Written By: Brittney Phillips | May 10, 2023
On May 24, 2022, one of the worst active threat scenarios of recent history took place at Robb Elementary School in Uvalde, Texas.
As is all too common after these types of tragedies, the incident exposed a variety of security failings, especially in terms of law enforcement’s response to the active threat, but also having to do with the Uvalde school’s security measures.
Looking back on these types of incidents is never something we take pleasure in, but it’s important to see what we can learn to help prevent such tragedies from unfolding in the future.
Like the majority of US schools, Robb Elementary, and the Uvalde Consolidated Independent School District (CISD) as a whole, did have a comprehensive security plan in place.
This plan included lockdown protocols, a system for reporting bullying and threats, and other measures for preventing and responding to various emergencies.
Physical security measures outlined in the Uvalde school security plan include alarms, motion sensors, and a policy to keep exterior doors and classroom doors closed and locked at all times.
Classrooms at Robb Elementary were also equipped with a silent panic alert system, called Raptor Alert.
In addition to these security measures, the school district also had its own police force of four officers.
The first security failing at Robb Elementary was that an exterior door was closed, but not locked.
This was due to the fact that the door had an automatic locking system which could be disabled using a hex key, and it had for some reason been disabled that day.
Whoever closed the door was not aware of this issue, and the attacker was able to gain access to the school through this door.
The second security failing at the Uvalde school was that the doors on both of the classrooms that the attacker chose to enter were not working properly and could not be locked from the inside, so the attacker was able to walk right in.
This highlights the importance of installing secure doors in schools, with modern door locks and access control systems, that can be locked from the inside and have automatic locking mechanisms that cannot be easily disabled.
In the majority of active threat scenarios, the assailants gain access to the facility through a vulnerable door or window, so secure doors are a very important first line of defense.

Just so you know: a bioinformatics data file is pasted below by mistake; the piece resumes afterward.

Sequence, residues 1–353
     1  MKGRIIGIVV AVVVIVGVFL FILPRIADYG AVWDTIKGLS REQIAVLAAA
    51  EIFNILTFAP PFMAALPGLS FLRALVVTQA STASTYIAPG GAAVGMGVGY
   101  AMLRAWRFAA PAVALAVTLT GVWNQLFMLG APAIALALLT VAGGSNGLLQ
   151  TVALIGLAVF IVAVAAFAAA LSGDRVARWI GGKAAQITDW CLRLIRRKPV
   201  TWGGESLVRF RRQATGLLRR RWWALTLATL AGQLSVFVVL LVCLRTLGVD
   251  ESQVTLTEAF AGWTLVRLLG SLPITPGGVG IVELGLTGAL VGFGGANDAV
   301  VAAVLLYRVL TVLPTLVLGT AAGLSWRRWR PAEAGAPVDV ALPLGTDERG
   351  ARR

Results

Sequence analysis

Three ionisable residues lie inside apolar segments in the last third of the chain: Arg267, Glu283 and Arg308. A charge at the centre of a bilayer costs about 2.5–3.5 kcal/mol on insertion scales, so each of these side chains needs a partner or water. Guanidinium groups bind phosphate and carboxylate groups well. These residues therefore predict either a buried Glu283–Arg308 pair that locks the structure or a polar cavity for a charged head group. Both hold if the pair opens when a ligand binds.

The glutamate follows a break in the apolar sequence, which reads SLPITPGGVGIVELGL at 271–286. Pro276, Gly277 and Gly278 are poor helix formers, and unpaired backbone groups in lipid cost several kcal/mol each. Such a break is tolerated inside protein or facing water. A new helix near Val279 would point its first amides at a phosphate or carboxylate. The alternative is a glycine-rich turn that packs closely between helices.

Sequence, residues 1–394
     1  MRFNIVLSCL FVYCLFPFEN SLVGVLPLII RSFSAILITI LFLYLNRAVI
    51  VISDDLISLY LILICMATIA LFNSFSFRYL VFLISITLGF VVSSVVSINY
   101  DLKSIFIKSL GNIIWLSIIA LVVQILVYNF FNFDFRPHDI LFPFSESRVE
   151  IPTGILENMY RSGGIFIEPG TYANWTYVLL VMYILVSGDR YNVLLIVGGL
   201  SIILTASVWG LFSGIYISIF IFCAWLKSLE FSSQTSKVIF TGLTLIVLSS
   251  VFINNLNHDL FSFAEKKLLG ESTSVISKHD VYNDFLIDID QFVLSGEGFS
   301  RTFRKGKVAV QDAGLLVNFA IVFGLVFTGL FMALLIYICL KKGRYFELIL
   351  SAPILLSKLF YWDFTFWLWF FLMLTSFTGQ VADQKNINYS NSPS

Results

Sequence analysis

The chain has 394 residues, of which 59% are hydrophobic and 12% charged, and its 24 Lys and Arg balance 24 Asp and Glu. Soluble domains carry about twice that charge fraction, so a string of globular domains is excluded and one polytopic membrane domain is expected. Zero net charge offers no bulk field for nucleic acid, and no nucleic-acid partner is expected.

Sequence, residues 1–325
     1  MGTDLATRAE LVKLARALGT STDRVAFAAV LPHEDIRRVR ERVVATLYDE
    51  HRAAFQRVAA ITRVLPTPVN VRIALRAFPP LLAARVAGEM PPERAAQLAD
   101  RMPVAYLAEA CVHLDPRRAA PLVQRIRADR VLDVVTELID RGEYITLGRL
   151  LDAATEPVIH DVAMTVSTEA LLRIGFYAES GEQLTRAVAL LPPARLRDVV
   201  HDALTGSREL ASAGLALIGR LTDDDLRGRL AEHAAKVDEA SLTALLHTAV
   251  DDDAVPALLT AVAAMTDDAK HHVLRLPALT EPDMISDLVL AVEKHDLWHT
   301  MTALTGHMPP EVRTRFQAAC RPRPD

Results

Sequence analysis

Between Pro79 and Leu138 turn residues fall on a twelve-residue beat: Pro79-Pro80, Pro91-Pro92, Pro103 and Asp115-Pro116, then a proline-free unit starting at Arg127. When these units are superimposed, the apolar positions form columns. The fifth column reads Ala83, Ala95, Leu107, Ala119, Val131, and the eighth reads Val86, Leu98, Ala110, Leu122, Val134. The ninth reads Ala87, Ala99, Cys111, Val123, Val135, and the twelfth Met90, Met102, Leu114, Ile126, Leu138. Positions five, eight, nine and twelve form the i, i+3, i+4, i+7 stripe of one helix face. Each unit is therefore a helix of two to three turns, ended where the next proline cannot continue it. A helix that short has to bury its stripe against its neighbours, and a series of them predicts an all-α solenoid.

If there are no physical barriers to provide access denial on school grounds, all the security protocol training and lockdown drills in the world are not enough to protect students and staff.
As soon as shots were heard outside Robb Elementary, a teacher triggered the silent Raptor Alert system, which warned other teachers of an active threat so they could start taking steps to lock down and protect their students.
While this type of silent alarm system is convenient because it works on a variety of everyday devices, it may not be as efficient as a central, audible alarm system that alerts everyone within earshot of an emergency scenario right away.
And, again, an emergency alert system and lockdown protocols only work if doors and windows are secure and provide access denial to keep bad guys out of schools and classrooms.
Like with other sites of mass casualty incidents, Robb Elementary will remain closed and is set to be demolished.
A charity organization founded in the wake of this tragedy, the Uvalde CISD Moving Forward Foundation, is building a new elementary school, which is set to open before the beginning of the 2024 school year.
The new school’s campus will have state-of-the-art security measures in place, including the following:
Meanwhile, other schools in the Uvalde CISD have taken measures to improve security, such as building high fencing around campuses, installing new locks, and adding more surveillance cameras.
The Uvalde tragedy highlights some key issues that schools can learn from to improve their security measures, especially when it comes to active threat protection.
Any school security plan is only as strong as its weakest links, which are more often than not vulnerable doors and windows.
We’ve already touched on the importance of replacing outdated doors and locking mechanisms in schools to provide access denial, and things like high fencing and gates are also good for securing campus perimeters.
However, it’s also of the utmost importance not to overlook creating access denial barriers over windows.
Even if an attacker isn’t able to open a door to gain entry to a school, they may be able to easily break an unprotected window to gain access.
This is why schools should also consider supplementing their other security measures with security glazing, Riot Glass polycarbonate security glazing, which is available in bullet-resistant varieties.
Even containment-grade (non-ballistic) Riot Glass polycarbonate is virtually unbreakable, and can get riddled with bullets without significantly diminishing in strength — it remains a barrier to forced entry during even the most determined, prolonged attacks.
As long as all other security measures are up to date and working as they should, Riot Glass polycarbonate security glazing denies forced entry, allowing those inside the school to run, hide, and barricade themselves inside somewhere safe.
The delay created by these virtually unbreakable access denial barriers can save lives and give the authorities time to arrive and neutralize a threat.
There’s no one-size-fits-all approach to improving school security, but there are best practices and physical security measures you can implement that do a lot to protect students and staff during active threat scenarios and other emergency situations.
The Uvalde tragedy highlighted several shortcomings and failures that contributed to the scale of the active threat scenario, which we can learn from to hopefully prevent such a tragedy from unfolding in another school somewhere else.
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